North Minneapolis students make solar-powered briefcase generators to help kids in Africa

Students in north Minneapolis are working to help other students halfway across the globe.

A class project at a north Minneapolis high school is empowering students to make a difference on the other side of the globe.

The group is building a device that will help provide electricity to more than 40,000 refugees in Africa using solar power channeled through a briefcase-sized pack, put together by students at Patrick Henry Senior High School.

"Go ahead and connect your batteries, make sure that the switches are both off," instructed teacher Lars Peterson.

In Mr. Peterson's engineering class at the high school, a blue box is opening students to a world of possibilities. They are building a fully operational solar power system that will bring electricity to thousands of students at a refugee camp in Kenya.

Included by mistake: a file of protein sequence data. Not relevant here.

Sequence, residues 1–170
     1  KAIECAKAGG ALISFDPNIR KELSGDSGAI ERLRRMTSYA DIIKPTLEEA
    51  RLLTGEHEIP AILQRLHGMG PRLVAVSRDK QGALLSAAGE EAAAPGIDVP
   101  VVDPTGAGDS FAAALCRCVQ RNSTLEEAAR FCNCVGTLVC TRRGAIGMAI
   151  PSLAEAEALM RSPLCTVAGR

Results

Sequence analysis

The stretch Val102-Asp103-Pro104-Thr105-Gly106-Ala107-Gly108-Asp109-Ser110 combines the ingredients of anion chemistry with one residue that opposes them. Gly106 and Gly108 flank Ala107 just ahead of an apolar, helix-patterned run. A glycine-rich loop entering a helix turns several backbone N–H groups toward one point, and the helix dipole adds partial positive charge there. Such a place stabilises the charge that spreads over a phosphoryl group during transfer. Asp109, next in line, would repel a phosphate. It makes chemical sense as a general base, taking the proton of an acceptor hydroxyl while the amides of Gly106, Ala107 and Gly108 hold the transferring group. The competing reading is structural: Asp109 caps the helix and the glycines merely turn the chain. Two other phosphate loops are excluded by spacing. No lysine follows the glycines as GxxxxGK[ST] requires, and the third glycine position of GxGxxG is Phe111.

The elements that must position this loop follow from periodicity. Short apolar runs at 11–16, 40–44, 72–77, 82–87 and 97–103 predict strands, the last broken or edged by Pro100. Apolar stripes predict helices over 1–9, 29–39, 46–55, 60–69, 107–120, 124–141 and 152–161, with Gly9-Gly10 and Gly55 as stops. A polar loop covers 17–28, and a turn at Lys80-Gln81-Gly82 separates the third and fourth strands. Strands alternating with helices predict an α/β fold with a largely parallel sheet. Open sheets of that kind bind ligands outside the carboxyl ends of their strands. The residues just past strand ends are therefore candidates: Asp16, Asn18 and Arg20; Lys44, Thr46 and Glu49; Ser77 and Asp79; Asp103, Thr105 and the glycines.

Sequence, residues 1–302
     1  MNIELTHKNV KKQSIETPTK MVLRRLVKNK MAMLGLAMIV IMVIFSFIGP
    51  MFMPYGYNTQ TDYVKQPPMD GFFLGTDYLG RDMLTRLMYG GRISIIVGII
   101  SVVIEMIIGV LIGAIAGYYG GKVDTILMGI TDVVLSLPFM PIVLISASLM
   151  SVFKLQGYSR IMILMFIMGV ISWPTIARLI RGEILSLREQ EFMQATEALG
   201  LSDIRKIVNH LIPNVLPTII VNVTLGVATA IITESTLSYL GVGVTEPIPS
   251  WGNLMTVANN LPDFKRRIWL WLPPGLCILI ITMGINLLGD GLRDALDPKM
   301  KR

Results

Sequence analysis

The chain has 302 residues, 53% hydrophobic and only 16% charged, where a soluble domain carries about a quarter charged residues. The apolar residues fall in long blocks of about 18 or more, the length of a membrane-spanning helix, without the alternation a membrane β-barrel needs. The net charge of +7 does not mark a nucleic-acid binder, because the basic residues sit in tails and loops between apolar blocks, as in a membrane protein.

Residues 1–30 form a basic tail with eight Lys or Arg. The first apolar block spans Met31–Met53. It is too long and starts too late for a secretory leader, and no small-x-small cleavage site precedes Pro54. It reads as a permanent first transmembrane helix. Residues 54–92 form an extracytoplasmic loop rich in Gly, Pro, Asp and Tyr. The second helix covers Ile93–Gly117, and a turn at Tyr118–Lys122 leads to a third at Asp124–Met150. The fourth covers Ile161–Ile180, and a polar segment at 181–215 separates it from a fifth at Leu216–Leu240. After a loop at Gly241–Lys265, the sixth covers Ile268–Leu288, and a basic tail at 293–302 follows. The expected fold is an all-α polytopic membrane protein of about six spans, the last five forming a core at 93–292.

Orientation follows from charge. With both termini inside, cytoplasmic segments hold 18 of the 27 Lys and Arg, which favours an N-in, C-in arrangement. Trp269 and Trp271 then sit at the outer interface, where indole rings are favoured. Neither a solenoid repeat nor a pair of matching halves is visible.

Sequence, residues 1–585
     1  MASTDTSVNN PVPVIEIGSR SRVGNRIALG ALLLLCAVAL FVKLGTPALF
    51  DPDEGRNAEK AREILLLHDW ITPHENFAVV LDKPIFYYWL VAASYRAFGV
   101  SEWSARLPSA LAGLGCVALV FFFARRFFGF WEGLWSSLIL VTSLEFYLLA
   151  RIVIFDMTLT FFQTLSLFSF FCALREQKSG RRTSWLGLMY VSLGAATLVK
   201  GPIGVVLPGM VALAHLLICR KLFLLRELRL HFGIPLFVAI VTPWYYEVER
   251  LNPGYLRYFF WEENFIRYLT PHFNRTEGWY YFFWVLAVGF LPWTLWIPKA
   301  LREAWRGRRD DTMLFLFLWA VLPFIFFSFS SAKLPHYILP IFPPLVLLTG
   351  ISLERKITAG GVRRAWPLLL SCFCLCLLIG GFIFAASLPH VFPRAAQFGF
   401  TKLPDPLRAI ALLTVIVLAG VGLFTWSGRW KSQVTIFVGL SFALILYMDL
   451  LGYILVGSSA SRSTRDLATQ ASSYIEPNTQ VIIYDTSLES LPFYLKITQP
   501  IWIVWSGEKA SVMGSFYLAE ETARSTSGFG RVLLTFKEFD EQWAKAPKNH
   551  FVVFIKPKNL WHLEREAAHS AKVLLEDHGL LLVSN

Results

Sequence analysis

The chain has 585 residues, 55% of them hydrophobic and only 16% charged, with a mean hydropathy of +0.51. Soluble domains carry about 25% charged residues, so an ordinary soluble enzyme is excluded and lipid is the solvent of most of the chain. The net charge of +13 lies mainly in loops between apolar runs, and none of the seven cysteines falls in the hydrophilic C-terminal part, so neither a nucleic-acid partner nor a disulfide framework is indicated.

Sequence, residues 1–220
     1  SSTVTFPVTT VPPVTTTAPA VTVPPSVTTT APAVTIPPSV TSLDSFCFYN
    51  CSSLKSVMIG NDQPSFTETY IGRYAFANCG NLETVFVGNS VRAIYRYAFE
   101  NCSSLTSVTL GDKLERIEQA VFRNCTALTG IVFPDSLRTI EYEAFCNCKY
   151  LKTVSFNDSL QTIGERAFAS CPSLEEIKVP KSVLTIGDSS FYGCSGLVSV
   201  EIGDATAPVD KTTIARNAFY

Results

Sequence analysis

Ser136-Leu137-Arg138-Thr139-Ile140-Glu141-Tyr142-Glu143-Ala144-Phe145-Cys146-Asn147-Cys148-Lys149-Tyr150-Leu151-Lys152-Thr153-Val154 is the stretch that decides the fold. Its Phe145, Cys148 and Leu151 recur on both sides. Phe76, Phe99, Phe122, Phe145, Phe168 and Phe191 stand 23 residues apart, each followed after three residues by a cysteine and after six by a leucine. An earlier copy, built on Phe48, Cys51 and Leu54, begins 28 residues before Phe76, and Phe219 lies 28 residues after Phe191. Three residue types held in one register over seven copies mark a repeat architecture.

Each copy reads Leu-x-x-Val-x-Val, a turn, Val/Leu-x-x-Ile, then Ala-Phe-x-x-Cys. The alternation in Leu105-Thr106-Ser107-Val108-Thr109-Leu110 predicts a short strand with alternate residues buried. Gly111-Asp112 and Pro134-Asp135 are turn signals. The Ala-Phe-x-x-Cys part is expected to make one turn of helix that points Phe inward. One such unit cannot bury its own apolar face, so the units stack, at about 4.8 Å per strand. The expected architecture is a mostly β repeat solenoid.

The We Share Solar devices will help kids in Africa without access to electricity. (FOX 9)

"Phones, it can charge batteries, it can charge maybe even a radio," said student Sir Charles Hubbard.

It’s called a "We Share Solar" suitcase and it has the capability to change lives.

"I hope that they have an increased awareness," explained Peterson, "of just a lot of the things that so many students in other parts of the world, who just unfortunately are not able to take for granted."

The hands-on experience is fueling student Mai Lor's interest in science, technology, engineering, and math.

Students in Lars Peterson's classroom put together the solar devices. (FOX 9)

"I think education is important, it kind of leads you to do whatever you want to do," said Lor.

"I wouldn’t have thought that I could do this, being able to build a solar panel at school and send it overseas to help other people in need," said Hubbard.

"It's fun to collaborate with the students and hear them present ideas on how this can be used in unique and innovative ways that creates an energy around the content," added Peterson.

Students are working with nearly $8,000 worth of equipment and Wells Fargo is funding the entire project.